The 63 minutes DVD takes the audience on a tour, along with Geoff and his students, to explain the process of creating a dam from start to finish. The location of the project is at one of Geoff's former students in Woolgoolga, New South Wales. They walk the viewers across the property to establish their strategy for passive water harvesting.
Geoff determines its strengths and weaknesses and with the aid of computer graphics we see the plan of the site and its creative options take shape. The students mark out the intended construction with the use of a laser and dumpy level. Following the mark out, a tilt bucket excavator handles the job of creating a dam and swale. While digging, Geoff emphasizes the need to properly build a keyway and the importance of the soil structure for retention of water. Other key points that are pointed out are compaction of the soil, height of the dam wall and the availability of materials needed to complete the work.
On the third day of operation, Geoff and the students overcome a hurdle because of the lack of material needed to build the dam wall. A slight recalibration of the swales lines and new wall height manages the problem. After the major excavation, the viewers are shown the connection of the swales and the construction of the level sillway.
The DVD concludes with the dam and swales collecting water from rainfall. Also, Geoff shares the principle of water harvesting. Take the longest path over the most distance.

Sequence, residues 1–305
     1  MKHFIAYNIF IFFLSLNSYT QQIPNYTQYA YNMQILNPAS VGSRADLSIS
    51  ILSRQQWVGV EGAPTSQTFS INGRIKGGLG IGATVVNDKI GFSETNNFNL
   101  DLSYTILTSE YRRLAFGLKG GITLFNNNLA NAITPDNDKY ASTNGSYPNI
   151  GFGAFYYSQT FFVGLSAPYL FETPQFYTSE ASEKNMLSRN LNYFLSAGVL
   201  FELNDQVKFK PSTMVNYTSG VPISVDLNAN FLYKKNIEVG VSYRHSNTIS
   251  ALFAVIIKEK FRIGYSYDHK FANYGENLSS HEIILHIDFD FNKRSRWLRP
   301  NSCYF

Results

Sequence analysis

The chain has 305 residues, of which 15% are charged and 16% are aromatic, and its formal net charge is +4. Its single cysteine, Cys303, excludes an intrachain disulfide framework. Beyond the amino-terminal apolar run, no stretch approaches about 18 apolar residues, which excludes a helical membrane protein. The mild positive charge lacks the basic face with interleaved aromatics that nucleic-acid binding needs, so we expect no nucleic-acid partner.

I find all of Geoff's videos excellent and inspiring and this one really got me hooked on the importance of water design.
At the end of the video (made in 2008 ), are some still shots of the site (presumably taken by the owner) showing the dam and swales filling up and the early succession plants establishing themselves. I would have loved to have seen Geoffs comments of the site as it developed and really hope he will revisit the site on its 4th or 5th anniversary and make a brief follow up, similar in style to his 300 and 2000 year old food forest shorts.
Jason Nicoll wrote: I would have loved to have seen Geoffs comments of the site as it developed and really hope he will revisit the site on its 4th or 5th anniversary and make a brief follow up, similar in style to his 300 and 2000 year old food forest shorts.
Me, too. I'd like to see/hear the long term outcome. I even tried looking at Google Earth to see if there was any difference. The imagery date is 9/26/2012 but I can't see anything except a new interstate about a third of a mile from his home.
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